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Americans have never been more divided, and we're ripe for a breakup. The bitter partisan animosities, the legislative gridlock, the growing acceptance of violence in the name of political virtue--it all invites us to think that we'd be happier were we two different countries. In all the ways that matter, save for the naked force of law, we are already two nations. There's another reason why secession beckons, says F.H. Buckley: we're too big. In population and area, the United States is one of the biggest countries in the world, and American Secession provides data showing that smaller countries are happier and less corrupt. They're less inclined to throw their weight around militarily, and they're freer too. There are advantages to bigness, certainly, but the costs exceed the benefits. On many counts, bigness is badness. Across the world, large countries are staring down secession movements. Many have already split apart. Do we imagine that we, almost alone in the world, are immune? We had a civil war to prevent a secession, and we're tempted to see that terrible precedent as proof against another effort. This book explodes that comforting belief and shows just how easy it would be for a state to exit the Union if that's what its voters wanted. But if that isn't what we really want, Buckley proposes another option, a kind of Secession Lite, that could heal our divisions while allowing us to keep our identity as Americans.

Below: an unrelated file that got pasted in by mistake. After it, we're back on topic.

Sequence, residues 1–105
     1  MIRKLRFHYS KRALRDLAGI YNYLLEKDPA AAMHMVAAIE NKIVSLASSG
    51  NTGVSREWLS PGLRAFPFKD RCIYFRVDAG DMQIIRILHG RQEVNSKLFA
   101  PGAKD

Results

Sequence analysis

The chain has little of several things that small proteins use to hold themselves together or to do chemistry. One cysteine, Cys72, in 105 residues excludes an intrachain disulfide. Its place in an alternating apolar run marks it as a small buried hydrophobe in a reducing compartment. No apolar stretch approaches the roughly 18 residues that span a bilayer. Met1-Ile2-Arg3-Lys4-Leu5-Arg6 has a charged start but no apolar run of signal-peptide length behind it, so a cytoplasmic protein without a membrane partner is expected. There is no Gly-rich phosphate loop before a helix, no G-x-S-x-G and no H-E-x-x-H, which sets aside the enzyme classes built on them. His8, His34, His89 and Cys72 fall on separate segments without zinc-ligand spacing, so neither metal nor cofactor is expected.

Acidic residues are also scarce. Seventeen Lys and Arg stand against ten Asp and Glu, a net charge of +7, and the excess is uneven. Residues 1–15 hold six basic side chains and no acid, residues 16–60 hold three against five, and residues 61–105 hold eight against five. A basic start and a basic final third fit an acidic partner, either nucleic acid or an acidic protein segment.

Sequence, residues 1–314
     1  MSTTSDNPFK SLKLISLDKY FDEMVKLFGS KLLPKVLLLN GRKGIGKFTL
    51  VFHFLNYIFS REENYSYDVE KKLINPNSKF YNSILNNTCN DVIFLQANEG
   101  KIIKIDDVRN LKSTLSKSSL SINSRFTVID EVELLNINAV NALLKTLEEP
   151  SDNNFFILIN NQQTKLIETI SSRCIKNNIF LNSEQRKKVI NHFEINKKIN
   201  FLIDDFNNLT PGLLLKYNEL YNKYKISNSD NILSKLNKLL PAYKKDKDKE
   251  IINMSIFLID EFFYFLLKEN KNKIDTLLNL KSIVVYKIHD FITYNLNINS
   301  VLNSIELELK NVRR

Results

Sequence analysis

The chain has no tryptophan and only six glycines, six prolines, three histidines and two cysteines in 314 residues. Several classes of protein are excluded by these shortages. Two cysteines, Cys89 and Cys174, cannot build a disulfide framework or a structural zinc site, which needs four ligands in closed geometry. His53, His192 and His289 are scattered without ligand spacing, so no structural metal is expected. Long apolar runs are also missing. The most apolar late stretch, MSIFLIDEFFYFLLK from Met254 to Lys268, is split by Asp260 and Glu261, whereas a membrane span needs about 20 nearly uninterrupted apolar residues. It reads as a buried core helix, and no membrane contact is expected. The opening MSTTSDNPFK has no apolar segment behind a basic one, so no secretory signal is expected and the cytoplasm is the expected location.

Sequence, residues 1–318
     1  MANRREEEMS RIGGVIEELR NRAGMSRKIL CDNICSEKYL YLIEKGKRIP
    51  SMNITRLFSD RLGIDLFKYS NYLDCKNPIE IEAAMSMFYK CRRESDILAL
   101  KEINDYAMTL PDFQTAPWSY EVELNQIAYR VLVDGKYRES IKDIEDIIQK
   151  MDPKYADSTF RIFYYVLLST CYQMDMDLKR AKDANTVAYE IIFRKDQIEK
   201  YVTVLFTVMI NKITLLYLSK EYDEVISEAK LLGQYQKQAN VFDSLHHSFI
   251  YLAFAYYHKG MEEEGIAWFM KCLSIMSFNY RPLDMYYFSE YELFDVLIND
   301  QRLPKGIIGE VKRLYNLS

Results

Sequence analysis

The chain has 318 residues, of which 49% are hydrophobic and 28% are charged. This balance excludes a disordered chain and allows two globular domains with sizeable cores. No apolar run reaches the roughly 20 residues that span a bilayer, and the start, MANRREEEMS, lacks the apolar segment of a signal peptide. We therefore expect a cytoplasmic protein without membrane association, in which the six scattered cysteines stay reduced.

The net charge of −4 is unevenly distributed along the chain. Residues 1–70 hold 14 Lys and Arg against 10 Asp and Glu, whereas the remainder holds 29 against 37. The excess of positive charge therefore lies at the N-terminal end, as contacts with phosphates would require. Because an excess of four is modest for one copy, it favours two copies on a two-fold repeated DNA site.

About the Author
F.H. Buckley is a Foundation Professor at George Mason University's Scalia School of Law. He is a frequent media guest and has appeared on Morning Joe, CNN, The Rush Limbaugh Show, C-SPAN, NPR and numerous other outlets. He is a senior editor at the American Spectator, a columnist for the New York Post, and has written for the Wall Street Journal, the Washington Post and many other newspapers. His most recent books are The Republican Workers Party (2018); The Republic of Virtue (2017); The Way Back: Restoring the Promise of America (2016); and The Once and Future King (2015). His current project is a book on curiosity.